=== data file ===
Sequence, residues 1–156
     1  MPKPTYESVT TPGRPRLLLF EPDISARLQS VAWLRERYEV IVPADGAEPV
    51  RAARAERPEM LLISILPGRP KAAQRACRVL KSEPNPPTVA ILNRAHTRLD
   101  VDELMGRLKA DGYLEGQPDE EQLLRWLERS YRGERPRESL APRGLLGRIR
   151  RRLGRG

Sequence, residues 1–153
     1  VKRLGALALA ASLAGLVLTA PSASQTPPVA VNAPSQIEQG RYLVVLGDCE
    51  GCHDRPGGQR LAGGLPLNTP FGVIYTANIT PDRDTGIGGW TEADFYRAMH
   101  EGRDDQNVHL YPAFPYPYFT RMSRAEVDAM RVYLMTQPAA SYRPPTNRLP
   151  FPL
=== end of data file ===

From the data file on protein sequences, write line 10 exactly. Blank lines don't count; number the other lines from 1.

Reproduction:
   151  FPL